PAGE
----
I can't be arsed writing some lengthy tribute to To Kill a Mockingbird, although it certainly would deserve it, but you can google it and get every man and his book reading dog honouring the work faster than it takes to read this and certainly for me to write it. But there are things that intrigue me as we hit half century on one of the most influential works of the English language, let alone American literature.
Here's a book that has as often been banned or burned as it and the author has been awarded the highest honours for literature and for battling ignorance and bigotry, and all in the same country throughout its 50 year life. Perhaps no other book, except Catcher in the Rye, has shown up the insane contradictions of a religious and rational nation.
Harper Lee herself has only on few occasions involved herself in that madness (great letter she wrote to a school board on her Wikipedia entry) and in fact she has refrained from much comment at all.
Often the media refer to such people as recluses, which is an utterly shallow reaction toward people who prefer to drink with their own mates than fortune seeking journos and fame touching fans (authors like Cormac McCarthy, Thomas Pynchon or Tim Winton).
Harper Lee is no recluse but she obviously enjoys a private life. Perhaps partly due to bearing witness to what happened to her attention-seeking friend Truman Capote, but I think more because she's simply wiser than many.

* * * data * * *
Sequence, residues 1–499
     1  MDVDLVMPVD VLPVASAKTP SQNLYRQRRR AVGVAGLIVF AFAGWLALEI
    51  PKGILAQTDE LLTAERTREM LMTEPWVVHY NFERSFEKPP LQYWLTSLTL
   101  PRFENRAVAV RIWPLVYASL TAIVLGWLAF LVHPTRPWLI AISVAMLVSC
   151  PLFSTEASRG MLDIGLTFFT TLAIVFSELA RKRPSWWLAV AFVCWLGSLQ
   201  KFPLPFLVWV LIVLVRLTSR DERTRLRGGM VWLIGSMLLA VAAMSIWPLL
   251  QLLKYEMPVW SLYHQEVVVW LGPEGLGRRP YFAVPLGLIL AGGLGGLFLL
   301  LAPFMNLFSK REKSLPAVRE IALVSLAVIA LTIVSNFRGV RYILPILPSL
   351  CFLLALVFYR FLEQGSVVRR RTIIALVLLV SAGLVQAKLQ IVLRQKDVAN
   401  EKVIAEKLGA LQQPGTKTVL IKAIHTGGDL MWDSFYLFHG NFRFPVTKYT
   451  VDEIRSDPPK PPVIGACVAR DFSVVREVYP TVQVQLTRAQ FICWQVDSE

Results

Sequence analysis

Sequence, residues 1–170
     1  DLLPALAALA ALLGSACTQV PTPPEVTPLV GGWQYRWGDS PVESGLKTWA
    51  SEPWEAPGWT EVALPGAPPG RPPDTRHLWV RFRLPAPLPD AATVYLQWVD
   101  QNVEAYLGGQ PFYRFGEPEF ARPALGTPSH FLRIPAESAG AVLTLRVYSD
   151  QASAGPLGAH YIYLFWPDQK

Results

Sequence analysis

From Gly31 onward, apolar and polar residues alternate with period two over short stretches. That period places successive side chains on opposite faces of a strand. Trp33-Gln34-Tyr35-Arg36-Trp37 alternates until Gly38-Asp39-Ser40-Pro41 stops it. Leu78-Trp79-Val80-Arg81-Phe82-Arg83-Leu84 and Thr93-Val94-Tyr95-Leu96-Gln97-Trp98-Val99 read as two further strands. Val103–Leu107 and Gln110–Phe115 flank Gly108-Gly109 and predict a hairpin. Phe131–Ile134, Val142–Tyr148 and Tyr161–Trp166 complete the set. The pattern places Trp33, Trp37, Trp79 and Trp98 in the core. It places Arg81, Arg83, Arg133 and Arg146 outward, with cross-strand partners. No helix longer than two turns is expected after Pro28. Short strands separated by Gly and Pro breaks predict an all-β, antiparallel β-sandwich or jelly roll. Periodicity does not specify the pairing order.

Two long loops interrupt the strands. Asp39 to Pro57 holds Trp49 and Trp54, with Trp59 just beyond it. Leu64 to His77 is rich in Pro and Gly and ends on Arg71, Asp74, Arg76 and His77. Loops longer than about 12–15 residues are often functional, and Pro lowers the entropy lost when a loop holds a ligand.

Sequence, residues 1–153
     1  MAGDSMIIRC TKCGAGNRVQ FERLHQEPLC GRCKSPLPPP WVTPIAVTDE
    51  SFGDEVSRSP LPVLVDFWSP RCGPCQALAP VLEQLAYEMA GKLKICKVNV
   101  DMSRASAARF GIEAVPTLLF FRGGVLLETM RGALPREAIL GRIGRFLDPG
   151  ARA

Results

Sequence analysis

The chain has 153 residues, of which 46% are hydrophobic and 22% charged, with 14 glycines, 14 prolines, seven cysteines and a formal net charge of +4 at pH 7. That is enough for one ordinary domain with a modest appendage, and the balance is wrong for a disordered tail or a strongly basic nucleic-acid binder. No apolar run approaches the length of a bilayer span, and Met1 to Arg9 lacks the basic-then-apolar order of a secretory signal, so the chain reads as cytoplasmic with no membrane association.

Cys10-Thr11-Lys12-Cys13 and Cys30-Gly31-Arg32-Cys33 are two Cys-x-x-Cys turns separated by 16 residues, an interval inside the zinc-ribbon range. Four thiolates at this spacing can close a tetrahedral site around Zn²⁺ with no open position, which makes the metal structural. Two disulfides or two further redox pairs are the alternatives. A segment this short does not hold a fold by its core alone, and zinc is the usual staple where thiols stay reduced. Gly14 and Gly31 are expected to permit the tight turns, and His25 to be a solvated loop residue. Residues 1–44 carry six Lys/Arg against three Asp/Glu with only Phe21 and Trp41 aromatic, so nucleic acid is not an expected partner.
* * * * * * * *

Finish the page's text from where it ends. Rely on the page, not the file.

Harper Lee only wrote the one novel and indeed it is also her only major work. It is considered semi-autobiographical and may explain that she has always thought of herself as more of a journalist than as a novelist, even though she can happily wear the label of novelist on just the one novel (a testament to the power of Mockingbird).
Perhaps an important reason for her reticence to be interviewed or talk about the book is that she firmly believes the book can and should talk for itself. I don't think she wants the book and herself to be inseparably intertwined in the public consciousness as how both In Cold Blood and Catcher are often perceived.
Certainly I feel that the 84 year old Harper Lee (34 when she wrote Mockingbird) does not want herself to be the subject rather than the ideas she puts forward. Indeed, this may well have contributed to the book's power 50 years on.
And that I spent more time talking about her than the book probably wouldn't impress Harper Lee at all.